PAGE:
“Nature is the most beautiful of paintings; that is why we must produce so many studies after nature. In nature, you cannot be deceived: everything in it is true! And truth must always be a sacred duty for the artist.”
With these emphatic words, B. C. Koekkoek outlined his understanding of art. And if you look around this room, you can literally sense his delight in nature.
From his own words, we know he went in search of simple, true and poetic nature. That distinguishes him from the idealised view of nature found in the German Romantic movement. He evidently learned from the Dutch artists of the 17th century – known as the Golden Age of painting. From them, he also adopted the subtle use of directional light to guide the viewer’s eye through the landscape.
For example, take a look at the two works in the right-hand corner. They show Koekkoek’s typical tree and forest landscape. Here, it’s a majestic beech tree – one that actually stood not far from Moyland Castle, just a few kilometres east of Cleves.
The sketch in oils – on the left – presents an image of the tree, with its distinctive cleft, that’s as true to life as possible. The finished oil painting – on the right – has evolved into a comprehensive landscape composition in which the palace – which is the actual subject – merely forms a backdrop.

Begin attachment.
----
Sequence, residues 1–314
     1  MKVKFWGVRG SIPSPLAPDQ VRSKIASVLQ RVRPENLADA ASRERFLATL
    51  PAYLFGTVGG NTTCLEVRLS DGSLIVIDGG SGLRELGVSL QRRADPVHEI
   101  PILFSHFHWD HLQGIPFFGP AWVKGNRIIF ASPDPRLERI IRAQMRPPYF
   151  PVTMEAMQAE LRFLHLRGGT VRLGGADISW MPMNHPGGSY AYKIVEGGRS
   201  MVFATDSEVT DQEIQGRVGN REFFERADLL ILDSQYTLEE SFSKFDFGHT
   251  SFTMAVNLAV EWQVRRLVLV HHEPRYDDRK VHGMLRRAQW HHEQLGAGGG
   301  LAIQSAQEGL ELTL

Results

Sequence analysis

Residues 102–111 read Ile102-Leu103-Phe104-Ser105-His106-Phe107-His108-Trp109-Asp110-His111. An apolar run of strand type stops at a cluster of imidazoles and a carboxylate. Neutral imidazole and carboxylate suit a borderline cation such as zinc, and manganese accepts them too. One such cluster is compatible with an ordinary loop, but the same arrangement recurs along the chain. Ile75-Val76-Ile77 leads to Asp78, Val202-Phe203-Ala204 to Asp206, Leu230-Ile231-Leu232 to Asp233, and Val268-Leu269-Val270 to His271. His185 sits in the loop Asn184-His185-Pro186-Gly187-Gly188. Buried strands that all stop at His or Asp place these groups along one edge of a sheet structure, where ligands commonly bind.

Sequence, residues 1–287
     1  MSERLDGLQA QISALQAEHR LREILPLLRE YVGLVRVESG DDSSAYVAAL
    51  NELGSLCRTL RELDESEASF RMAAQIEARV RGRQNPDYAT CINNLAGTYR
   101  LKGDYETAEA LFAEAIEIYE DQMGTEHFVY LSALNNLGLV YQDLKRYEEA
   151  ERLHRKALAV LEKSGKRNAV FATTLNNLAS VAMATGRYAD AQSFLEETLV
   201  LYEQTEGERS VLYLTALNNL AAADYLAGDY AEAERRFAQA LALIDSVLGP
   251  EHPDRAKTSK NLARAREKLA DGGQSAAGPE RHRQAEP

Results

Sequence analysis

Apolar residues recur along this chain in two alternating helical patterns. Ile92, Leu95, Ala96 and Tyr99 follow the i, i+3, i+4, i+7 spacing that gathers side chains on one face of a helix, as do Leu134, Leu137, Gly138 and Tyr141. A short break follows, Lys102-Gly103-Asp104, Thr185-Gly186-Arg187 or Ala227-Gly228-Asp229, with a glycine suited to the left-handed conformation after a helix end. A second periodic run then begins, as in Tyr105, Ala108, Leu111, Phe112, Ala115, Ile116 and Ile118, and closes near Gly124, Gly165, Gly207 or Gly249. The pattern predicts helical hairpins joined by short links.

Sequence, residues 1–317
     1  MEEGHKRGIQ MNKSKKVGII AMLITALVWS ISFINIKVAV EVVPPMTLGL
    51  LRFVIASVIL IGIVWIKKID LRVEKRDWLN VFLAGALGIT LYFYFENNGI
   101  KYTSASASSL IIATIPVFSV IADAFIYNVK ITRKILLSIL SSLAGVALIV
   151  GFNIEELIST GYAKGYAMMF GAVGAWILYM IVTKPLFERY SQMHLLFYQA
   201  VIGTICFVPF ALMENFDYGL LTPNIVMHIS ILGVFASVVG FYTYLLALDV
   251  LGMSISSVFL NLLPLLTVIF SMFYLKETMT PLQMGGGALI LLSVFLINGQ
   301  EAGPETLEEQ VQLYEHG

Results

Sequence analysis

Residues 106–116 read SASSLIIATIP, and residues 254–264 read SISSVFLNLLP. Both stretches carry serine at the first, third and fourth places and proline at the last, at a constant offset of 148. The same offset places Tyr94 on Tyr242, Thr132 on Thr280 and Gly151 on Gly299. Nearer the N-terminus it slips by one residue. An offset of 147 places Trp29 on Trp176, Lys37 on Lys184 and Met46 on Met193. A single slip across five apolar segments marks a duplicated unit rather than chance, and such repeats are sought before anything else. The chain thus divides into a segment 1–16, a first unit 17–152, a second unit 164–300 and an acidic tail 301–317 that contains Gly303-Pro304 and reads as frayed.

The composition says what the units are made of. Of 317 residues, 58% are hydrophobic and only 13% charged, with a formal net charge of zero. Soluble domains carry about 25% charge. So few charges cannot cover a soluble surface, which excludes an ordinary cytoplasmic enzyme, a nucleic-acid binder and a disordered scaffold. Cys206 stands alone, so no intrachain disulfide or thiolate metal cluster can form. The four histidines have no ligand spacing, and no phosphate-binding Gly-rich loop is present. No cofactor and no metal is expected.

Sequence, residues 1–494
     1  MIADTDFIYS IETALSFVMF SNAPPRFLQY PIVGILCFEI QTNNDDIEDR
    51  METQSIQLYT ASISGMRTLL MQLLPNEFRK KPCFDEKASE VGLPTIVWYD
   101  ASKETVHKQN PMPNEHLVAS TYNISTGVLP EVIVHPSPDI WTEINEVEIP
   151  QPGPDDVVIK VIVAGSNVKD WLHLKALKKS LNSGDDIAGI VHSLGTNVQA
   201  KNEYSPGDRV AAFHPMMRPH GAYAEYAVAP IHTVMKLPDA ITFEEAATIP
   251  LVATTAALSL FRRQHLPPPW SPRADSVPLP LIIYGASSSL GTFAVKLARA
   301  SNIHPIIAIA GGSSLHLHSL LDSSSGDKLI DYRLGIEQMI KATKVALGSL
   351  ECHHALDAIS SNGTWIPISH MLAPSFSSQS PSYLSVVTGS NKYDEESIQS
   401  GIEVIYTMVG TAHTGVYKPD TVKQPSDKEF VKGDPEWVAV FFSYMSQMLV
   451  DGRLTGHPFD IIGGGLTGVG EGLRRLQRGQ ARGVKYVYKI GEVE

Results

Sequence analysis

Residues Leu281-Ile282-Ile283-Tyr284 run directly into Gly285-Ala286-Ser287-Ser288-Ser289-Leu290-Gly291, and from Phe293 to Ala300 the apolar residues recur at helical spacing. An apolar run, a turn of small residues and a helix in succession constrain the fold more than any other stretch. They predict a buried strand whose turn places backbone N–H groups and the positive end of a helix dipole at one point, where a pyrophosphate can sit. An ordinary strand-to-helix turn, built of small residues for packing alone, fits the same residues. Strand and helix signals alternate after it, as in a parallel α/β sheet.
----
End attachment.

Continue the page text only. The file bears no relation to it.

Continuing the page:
A broken branch as a symbol of impermanence, a storm that gives trees and humans alike a good shaking, a derelict farm – Koekkoeks paintings aren’t random snapshots of any old landscape. They tell stories, or hint at more transcendent connections … and, given this wider concept of nature, are absolutely romantic.
But B.C. Koekkoek wasn’t interested in topographical accuracy, and despite his sense of reality, he was not restrictive in the way he dealt with his subjects – as our next stop will show.
But before you leave this room, take a moment to appreciate the décor, especially the magnificent ceiling ornaments. The gold on the stucco glows in the light flooding in through the enormous windows. Imagine you were a buyer, experiencing the master’s paintings in such an atmosphere – how could you possibly resist!
Now, please move on to our next stop, in the adjoining room. It’s to the right of the series of doors, and you’ll be walking straight towards it.